Past exhibitions


Wimbledon in the Great War

November 2018

An exhibition produced by Merton Heritage Service for The Wimbledon Society as part of the borough’s First World War Centenary programme.

This exhibition tells the fascinating story of Wimbledon during the First World War. It covers a variety of topics including the VCs, recruitment, local regiments and military camps, the Belgian refugees, the wartime role of local women and the invaluable contribution made by Merton hospitals, industries and charities. There are anecdotes and recollections by local people too. 

The research behind the exhibition and images on display are from the Merton Heritage Services’ Carved in Stone project


The remarkable story of Wimbledon Station

12 January until 4 February 2017

A tale of development from pasture to platform and to what became 'New Wimbledon'

It charts the history of Wimbledon Station from its beginning as a  couple of isolated building in the middle of farm land, up to 1930 when ‘New Wimbledon’ – the area known now as the town centre became a well developed residential  complex with convenient access to central London and complete with the shops, warehouses and eateries necessary for suburban living.

The Exhibition reveals photogtaphic images and anecdotes plus a display of model engines, carriages, metal signs, signals and a mock-up of the original ticket office.

The story of the station - one of the the initial ‘wonders of Wimbledon’ tells of Heath Robinson style signalling, unfortunate accidents and dramatic discomfort for early traveller.


100 years of Wimbledon History

Until Sunday 10 April 2016

The Museum of Wimbledon’s Centenary exhibiton – 100 years of Wimbledon History. It recounts in mainly storyboard form the history of the Museum from it’s extraordinary setting up in the middle of the first World War by a group of local philanthropists  to the present day. The tale told is a strange one: endless arguments about its location, further arguments about what should go in it, the amazing saga of what happened to the contents during the second World War, how – after it – the Museum rose again like a phoenix and has continued to develop since.


Playing with Fire: The Story of Shooting on Wimbledon Common

17 January 2015 - 12 April 2015

Guns have quite a history on the Common. Military parades and duels both date back to the 18th century. King George III famously reviewed his troops on the open heath land and as Wimbledon is so near London, duelists could ride out in the early morning, do their business and be back in town for breakfast. Among the most notable were Prime Minister William Pitt, Lord Castlereagh and Lord Cardigan, later notorious for ordering the Charge of the Light Brigade in the Crimea.

Read more: Playing with Fire


Merton Priory is 900 years old

12 July 2014 - 31 August 2014

Don’t miss the fascinating new exhibition at the Museum of Wimbledon which celebrates 900 years of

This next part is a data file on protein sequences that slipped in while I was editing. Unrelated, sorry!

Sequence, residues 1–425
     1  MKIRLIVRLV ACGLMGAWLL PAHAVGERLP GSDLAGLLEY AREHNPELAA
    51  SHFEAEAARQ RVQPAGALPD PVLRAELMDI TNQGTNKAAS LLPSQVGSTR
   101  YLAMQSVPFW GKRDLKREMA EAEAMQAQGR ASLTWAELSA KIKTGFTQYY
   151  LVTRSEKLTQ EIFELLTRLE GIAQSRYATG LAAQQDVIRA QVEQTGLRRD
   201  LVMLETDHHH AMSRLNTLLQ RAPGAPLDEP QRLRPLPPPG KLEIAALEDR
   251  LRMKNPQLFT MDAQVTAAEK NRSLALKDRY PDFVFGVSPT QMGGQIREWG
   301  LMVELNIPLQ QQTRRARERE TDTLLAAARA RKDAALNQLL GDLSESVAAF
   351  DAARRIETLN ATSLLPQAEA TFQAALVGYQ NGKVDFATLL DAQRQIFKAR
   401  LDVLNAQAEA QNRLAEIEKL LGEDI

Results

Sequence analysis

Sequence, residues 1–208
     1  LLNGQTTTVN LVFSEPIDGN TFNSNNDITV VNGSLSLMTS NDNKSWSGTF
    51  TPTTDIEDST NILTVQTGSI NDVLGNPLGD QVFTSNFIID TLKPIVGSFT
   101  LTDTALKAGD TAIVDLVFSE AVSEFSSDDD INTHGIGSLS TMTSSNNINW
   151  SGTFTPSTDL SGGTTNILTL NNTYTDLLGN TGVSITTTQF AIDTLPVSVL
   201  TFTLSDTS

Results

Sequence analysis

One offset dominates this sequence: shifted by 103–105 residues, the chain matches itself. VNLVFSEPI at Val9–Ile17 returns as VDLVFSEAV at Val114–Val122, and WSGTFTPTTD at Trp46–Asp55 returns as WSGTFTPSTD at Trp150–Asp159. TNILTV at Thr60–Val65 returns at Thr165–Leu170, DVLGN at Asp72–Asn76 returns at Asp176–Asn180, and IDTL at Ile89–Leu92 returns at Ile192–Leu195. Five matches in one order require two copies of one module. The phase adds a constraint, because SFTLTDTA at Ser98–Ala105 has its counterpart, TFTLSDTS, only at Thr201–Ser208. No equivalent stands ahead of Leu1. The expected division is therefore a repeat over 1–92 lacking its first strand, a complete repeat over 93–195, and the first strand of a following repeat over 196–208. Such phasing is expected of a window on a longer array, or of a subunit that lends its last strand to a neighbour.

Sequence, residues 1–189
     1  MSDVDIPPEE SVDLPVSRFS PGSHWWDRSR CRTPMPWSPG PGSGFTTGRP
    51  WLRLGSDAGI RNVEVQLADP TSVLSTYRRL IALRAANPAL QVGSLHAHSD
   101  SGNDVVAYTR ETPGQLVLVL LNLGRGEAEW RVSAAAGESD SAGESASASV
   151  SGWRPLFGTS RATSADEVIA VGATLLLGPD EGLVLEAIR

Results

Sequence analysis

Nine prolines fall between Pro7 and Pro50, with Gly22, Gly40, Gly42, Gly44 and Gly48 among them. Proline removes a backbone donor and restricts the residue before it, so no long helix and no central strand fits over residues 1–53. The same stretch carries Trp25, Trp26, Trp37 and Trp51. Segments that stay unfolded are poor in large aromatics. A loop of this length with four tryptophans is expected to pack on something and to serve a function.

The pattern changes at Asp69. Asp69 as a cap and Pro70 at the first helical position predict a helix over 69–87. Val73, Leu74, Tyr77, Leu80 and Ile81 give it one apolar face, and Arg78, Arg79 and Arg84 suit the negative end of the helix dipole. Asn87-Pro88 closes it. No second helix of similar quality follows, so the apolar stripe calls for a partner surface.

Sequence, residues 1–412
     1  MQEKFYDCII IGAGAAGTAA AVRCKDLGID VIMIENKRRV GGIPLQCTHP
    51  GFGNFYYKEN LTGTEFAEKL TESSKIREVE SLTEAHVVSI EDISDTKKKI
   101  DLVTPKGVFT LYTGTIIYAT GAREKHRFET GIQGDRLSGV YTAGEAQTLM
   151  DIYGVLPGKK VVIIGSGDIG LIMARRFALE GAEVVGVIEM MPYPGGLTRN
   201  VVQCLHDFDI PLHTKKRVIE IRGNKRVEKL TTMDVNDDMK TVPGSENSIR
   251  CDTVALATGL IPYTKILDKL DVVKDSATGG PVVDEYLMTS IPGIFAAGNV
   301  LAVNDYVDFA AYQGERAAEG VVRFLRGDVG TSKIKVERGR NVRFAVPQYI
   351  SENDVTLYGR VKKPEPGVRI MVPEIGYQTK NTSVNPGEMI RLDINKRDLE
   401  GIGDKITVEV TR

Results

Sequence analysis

the history of Merton Priory.
This undeservedly unknown national treasure exists today in only some fragments but its story
embraces important events and important people – many of them Kings. And also a Pope and a Saint.
Merton Priory was the place where in 1236, twenty years after Magna Carta, Parliament met to prepare
the written parliamentary law in the form of the eleven chapters of the first Statute of Merton, which
remained on the Statute Book for over 700 years.

Read more: Merton Priory 900 years old


Wimbledon 'Now and Then'

3 December 2013 - 3 March 2014

‘Now and Then’, is an exhibition by the Museum of Wimbledon and its photographs curator, Simon Joseph.

Change is everywhere today and particularly in Wimbledon where buildings rise and fall, the use of areas alters and landscapes are affected. You may perceive change as a good (moving forward) thing or bad (destroying the past and its heritage) thing but, like it or not, change is inevitable.

Read more: Wimbledon Now and Then


Town and Country Wimbledon

4 February - 3 June 2012

Some 55 historic watercolours of Wimbledon, painted over two centuries between 1780 and 1985, are now on display in the first ever exhibition at the brand new Village Hall Trust Gallery. This is the first opportunity to see many of the works collected by the Museum of Wimbledon since its foundation 96 years ago in 1916. The paintings have been acquired through donations, bequests and works by local artists.

Read more: Town and Country Wimbledon


Wimbledon Park grows up

Saturday 4th June 2011 - Sunday 30th October 2011

An exploration of the changes wrought by Lancelot 'Capability' Brown's landscaping of the Spencer estate through important late eighteenth and early nineteenth century maps by John Haynes, Corris and for later years, Ordnance Survey maps of 1804 and 1894.


Light the lights - 100 Years of Wimbledon Theatre

Friday 29th October 2010 - Sunday 29th May 2011

A celebration of the centenary of Wimbledon Theatre, founded in 1910 by John Brennan Mulholland. Traces the changing fortunes of the venue through three phases - the early Mulholland days, the Peter Haddon era and the Theatre Company, and the revival in more recent years under the custodianship of the Ambassador Theatre Group (ATG).


Heart of Wimbledon

Saturday 6th March 2010 - Sunday 24th October 2010

A story told largely through maps of the shift of the heart of Wimbledon from the cosy environs of the Village in the nineteenth century, to down the hill to Wimbledon Town in the twentieth century. The growth of the railway and station complex was key to this transition, attracting jobs, industry and settlement in the town, which also became the administrative centre of the borough, with services and facilities to match a rapidly growing population.